The Importance Of Dealing With Addictions
While many people agree that an occasional social drink is alright if you are HIV-positive (although it is best to consult a clinician who is aware of your entire health and medical history) and almost nobody is going to go on record saying that "recreational" use of illegal drugs is acceptable, it is agreed upon that heavy use of alcohol and drugs are not good for anyone - especially if you are HIV-positive.
In large amounts, drugs and alcohol are bad for your immune system and your overall health. Remember, if you have HIV, your immune system is already weakened.
Some of the best information about the effects of drugs and alcohol as it relates to people with HIV has been developed by the United States Department of Veteran's Affairs (VA). To follow are some of the ways that drugs and alcohol can work against you if you are HIV-positive.
Effects on your immune system
Drinking too much alcohol can weaken your immune system. A weaker immune system will have a harder time fighting off common infections, as well as AIDS-related infections. A weaker immune system also increases the chance that you will experience more side effects from your HIV medications.
Smoking marijuana or any other drug irritates the lungs. You may be more likely to get serious lung infections, such as pneumonia.
Other common recreational drugs, such as cocaine or crystal meth, can leave your body dehydrated and exhausted, as well as lead to skin irritation. All of these things can make it easier for you to get infections.
The organ in your body that alcohol and other drugs affect most is your liver. The liver rounds up waste from chemicals that you put in your body. Those chemicals include recreational drugs as well as prescription drugs, such as your HIV medications. A weaker liver means it's less efficient at best.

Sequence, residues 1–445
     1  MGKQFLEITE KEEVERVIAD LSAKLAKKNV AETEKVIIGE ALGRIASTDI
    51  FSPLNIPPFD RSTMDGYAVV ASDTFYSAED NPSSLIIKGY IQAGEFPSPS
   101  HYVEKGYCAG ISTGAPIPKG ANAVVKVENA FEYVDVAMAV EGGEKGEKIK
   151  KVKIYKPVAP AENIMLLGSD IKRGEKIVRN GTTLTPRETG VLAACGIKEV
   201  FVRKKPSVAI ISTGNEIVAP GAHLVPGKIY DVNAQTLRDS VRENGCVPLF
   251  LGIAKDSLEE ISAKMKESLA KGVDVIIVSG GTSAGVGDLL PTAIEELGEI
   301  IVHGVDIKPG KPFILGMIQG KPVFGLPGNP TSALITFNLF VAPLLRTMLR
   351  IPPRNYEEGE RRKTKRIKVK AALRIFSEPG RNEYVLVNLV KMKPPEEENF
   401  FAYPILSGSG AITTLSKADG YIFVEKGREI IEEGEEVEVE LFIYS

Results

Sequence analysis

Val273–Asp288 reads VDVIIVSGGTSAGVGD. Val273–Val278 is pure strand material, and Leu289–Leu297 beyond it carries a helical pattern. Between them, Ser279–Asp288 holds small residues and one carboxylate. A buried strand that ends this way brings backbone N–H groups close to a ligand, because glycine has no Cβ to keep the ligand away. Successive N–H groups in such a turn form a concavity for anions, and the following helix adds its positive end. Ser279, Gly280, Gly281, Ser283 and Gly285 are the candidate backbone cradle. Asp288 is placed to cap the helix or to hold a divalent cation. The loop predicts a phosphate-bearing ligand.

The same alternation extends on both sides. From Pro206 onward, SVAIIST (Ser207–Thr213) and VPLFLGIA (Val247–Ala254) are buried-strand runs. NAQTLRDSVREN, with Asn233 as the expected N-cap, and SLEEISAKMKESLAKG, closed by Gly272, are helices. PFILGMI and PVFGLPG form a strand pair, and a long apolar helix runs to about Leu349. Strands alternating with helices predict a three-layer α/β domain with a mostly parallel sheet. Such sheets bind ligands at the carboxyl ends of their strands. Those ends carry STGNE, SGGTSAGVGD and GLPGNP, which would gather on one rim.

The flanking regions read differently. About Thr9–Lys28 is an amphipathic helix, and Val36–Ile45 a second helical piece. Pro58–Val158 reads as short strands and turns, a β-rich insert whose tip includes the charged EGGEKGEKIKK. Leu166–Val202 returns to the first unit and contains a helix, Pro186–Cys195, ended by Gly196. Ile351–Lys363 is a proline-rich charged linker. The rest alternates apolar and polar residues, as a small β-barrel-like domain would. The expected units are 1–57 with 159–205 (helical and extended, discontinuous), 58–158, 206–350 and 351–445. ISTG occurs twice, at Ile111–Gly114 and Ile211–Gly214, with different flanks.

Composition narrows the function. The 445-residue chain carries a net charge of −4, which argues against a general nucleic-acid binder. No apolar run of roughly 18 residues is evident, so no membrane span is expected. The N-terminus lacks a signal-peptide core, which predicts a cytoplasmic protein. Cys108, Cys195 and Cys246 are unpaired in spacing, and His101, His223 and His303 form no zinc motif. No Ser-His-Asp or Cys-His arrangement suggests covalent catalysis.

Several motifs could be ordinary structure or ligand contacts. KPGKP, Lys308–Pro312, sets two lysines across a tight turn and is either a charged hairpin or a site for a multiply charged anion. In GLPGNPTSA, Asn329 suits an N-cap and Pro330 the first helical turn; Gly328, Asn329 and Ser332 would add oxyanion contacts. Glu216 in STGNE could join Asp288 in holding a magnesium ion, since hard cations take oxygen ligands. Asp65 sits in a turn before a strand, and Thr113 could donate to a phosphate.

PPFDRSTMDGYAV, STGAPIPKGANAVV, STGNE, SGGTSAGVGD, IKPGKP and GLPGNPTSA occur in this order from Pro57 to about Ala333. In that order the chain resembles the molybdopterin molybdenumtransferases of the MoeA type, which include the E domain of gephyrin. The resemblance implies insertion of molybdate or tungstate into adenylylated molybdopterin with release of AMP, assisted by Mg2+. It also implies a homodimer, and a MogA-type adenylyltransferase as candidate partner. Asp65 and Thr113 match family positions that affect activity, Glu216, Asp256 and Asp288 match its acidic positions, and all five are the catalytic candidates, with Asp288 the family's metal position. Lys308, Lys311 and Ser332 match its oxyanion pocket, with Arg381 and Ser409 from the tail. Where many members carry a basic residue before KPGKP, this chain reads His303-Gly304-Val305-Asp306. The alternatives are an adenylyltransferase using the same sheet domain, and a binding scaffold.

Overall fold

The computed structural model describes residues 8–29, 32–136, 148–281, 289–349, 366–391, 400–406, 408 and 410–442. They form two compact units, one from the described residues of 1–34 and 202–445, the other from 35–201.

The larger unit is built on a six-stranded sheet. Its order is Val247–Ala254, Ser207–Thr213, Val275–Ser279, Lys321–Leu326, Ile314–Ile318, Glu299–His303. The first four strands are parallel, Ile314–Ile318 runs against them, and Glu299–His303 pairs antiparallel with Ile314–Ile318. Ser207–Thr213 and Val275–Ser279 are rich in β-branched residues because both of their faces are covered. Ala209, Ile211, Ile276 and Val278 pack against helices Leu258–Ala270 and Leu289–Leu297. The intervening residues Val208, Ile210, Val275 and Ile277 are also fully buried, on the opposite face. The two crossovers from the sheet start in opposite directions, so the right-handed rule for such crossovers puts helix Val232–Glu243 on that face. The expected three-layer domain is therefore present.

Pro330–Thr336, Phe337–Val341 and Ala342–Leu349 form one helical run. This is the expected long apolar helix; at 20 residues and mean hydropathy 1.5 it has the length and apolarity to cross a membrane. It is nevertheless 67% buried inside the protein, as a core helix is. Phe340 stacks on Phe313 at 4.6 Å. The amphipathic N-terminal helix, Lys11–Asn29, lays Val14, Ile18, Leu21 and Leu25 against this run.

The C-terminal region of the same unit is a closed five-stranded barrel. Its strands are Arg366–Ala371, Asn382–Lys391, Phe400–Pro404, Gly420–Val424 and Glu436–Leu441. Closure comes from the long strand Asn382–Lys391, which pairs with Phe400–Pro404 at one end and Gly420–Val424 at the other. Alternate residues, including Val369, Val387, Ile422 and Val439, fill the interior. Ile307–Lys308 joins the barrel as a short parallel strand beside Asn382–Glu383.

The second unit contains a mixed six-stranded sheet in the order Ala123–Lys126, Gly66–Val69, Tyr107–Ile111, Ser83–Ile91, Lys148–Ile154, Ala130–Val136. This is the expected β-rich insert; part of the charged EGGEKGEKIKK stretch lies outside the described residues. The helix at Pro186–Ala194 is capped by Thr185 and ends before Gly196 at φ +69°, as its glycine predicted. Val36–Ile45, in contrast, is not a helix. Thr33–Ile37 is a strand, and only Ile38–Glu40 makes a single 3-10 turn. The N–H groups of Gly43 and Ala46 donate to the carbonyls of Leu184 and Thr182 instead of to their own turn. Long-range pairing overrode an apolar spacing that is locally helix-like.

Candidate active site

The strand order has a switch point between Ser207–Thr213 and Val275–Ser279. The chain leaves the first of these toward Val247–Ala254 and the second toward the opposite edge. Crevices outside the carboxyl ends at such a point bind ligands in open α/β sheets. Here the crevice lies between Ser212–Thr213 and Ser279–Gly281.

If you also have hepatitis C (or any other kind of hepatitis), your liver is already working very hard to fight the disease itself and deal with the strong drugs that you may be taking for your hepatitis treatment.
Interactions with your HIV meds
HIV medications can be hard on your body, so when you are taking these medications, it is important that your liver works as well as possible. The liver is responsible for getting rid of waste products from the medications.
When you are HIV-positive, your body may react differently to alcohol and drugs. Many people find that it takes longer to recover from using pot, alcohol, or other recreational drugs than it did before they had HIV.
Remember that having HIV means a major change has taken place in your body. You may choose to use alcohol and drugs in moderation, but be sure to respect your body. Pay attention to what and how much you eat, drink, smoke, and take into your body.
Certain HIV medications can boost the level of recreational drugs in your system in unexpected and dangerous ways. For example, amphetamines (such as crystal meth) can be present at 3 to 22 times their normal levels in the bloodstream when mixed with an HIV drug called Norvir (ritonavir). That's because Norvir hampers the body's ability to break down these other drugs.